The concept of the “Third” comes from relational psychology, specifically the work of psychologist, Lewis Aron who drew upon Jessica Benjamin’s work and applied the concept to couples. Aron offered the conceptualization of the see-saw. He considered that often two partners are stuck at opposite ends, moving up and down in terms of their own perspective, needs or opinions, but actually going nowhere and locked into a pattern that can’t bring them together.

In terms of couple’s therapy, Aron identified the therapist as the “third” to open the space. A closer look at partners and their pets invites us to consider that in an unexpected and uncanny way – pets also serve in that role.


Pets in the Office: Unexpected Resources

Thursday, April 14th, 2011

Who let the dogs in? Many people from members of Congress to advertising executives have welcomed dogs into the workplace and for good reason.

Historically we know of the value of dogs in firehouses, on police canine teams, on farms, ranches, and certainly as companion dogs to those with physical disabilities.

Recently the diversity of workplaces that benefit from pets have expanded and while cats, and some birds have an important place next to the many professionals and business owners working from home, dogs seem to have found their way into the office.


Why Do People Have More Than One Pet?

Friday, January 7th, 2011

Most pets are home to stay.  Rarely do you hear of pets being replaced. Rather, once a person has a dog, cat or bird that they love, they tend to get another… and another. Why?

Is this about pets or people? Is there an emotional reason that an individual or a couple starts with one pet and ends up with many more?

When I have raised these questions with pet owners and pet professionals, the reasons given are as complex as the people and pets involved.  Overall, however, they reflect the reciprocal mix of needs, emotions and love inherent in the unique exchange that people and pets share.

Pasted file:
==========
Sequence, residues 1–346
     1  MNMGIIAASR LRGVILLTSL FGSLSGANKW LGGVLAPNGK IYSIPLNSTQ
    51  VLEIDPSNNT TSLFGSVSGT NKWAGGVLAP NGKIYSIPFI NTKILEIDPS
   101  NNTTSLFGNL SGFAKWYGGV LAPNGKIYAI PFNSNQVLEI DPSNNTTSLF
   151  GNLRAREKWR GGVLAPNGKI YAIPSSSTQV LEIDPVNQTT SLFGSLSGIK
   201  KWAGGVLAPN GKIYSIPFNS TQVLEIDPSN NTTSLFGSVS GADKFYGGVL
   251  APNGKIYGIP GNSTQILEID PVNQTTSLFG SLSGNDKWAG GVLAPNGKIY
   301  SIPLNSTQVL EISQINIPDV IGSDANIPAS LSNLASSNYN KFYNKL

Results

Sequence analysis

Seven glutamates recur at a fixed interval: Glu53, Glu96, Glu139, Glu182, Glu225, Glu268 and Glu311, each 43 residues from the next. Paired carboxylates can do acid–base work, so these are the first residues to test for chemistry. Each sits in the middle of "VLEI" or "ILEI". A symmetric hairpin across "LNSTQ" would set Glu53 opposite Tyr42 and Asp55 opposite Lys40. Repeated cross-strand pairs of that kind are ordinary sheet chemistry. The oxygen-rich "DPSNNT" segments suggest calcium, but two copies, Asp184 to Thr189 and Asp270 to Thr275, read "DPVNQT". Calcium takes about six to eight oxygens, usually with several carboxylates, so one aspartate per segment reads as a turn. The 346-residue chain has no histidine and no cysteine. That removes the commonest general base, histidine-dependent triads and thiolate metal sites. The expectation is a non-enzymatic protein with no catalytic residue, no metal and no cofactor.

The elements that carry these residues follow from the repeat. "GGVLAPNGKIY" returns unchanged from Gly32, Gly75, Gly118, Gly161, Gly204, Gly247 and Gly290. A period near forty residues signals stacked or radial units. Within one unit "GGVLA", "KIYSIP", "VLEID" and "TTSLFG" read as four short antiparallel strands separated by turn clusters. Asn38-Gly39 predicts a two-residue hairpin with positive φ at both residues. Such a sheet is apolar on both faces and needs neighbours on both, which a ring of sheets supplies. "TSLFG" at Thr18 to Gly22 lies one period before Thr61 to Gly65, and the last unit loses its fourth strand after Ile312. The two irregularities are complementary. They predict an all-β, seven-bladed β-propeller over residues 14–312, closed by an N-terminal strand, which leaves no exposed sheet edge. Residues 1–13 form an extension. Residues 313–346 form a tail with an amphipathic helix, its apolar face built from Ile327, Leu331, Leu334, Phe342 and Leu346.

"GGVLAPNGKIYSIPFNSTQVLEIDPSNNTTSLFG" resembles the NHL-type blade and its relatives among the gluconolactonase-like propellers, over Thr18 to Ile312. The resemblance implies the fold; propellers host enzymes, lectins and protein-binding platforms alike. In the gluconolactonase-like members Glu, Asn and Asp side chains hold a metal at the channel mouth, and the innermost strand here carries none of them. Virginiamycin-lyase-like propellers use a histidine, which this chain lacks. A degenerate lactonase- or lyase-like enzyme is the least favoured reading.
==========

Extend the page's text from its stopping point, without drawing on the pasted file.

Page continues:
It Starts With the Pets

Many people start adding an additional pet as a companion to the first. As one owner said “It broke our hearts to leave Callie alone all day so we got a second dog to keep her company.”

While many will own that they may be projecting their human fear of loneliness  – the reality is that most pets do enjoy the company of other pets and owners are delighted to see dogs play together, cats scheme together, everyone fight over food and then curl up and sleep together!

One owner who lived with dogs his whole life described that he always had two dogs. He always had a puppy with an older dog both to enliven the older dog (which it inevitably did) as well as to reduce his own dread of loss.


Healing Together
for Couples


Archives



Subscribe to this Blog:
Feed


Or Get a Single, Daily Email (enter email address):

via FeedBurner



More on
Relationships


Healing Together

Suzanne Phillips, Psy.D., ABPP & Dianne Kane, DSW are the authors of Healing Together: A Couple's Guide to Coping with Trauma and Post-Traumatic Stress. Pick up the book today!

Subscribe to this Blog:
Feed


Or Get a Single, Daily Email (enter email address):

via FeedBurner



Recent Comments
  • Suzanne Phillips, Psy.D., ABPP: Robert: Yes – they needed to speak about what was working and not working...
  • Robert Blok: “they did not have to find the affair” Reading that this outmoded and outdated manner of...
  • Steve Wolf: People who Want to fix bad relationships they must read this article post. Really very appreciate for...
  • PeaceofMind: I think it’s a choice of integrity and honesty. We aren’t bound by society’s rules....
  • Suzanne Phillips, Psy.D., ABPP: Heather: Thanks so much for your comment. You underscore how challenging friendships...
Subscribe to Our Weekly Newsletter

Find a Therapist
Enter ZIP or postal code



Users Online: 12240
Join Us Now!